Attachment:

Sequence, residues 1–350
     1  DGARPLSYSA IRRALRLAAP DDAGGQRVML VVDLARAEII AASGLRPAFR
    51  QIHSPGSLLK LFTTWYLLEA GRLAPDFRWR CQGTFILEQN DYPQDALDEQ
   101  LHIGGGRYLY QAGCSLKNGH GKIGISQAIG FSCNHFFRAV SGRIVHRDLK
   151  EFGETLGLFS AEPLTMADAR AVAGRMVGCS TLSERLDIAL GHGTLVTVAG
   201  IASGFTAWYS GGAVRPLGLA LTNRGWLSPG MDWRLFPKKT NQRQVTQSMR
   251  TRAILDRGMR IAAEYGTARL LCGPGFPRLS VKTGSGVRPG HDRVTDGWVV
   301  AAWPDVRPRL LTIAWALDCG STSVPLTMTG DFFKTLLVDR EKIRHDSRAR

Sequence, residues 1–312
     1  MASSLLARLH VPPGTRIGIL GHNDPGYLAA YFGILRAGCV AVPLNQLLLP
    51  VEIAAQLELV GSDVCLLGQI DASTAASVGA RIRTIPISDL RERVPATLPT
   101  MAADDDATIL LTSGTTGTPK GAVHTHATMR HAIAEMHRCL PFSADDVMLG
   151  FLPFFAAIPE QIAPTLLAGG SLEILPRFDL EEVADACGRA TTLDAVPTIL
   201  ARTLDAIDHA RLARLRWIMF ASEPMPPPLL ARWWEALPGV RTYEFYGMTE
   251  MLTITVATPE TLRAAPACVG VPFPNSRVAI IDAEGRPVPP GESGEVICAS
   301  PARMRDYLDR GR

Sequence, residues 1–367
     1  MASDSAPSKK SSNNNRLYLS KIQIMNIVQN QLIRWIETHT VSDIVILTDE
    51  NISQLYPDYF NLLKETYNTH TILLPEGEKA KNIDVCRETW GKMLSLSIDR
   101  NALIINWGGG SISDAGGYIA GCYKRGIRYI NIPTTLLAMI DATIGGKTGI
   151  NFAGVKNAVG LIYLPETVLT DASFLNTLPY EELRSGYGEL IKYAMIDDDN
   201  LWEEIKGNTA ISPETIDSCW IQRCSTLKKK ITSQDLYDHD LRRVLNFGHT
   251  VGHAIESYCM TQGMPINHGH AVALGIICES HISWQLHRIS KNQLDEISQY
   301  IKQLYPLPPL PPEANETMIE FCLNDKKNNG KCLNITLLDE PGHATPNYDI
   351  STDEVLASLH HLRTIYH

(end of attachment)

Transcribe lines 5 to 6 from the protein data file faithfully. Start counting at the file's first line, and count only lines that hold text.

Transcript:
   151  EFGETLGLFS AEPLTMADAR AVAGRMVGCS TLSERLDIAL GHGTLVTVAG
   201  IASGFTAWYS GGAVRPLGLA LTNRGWLSPG MDWRLFPKKT NQRQVTQSMR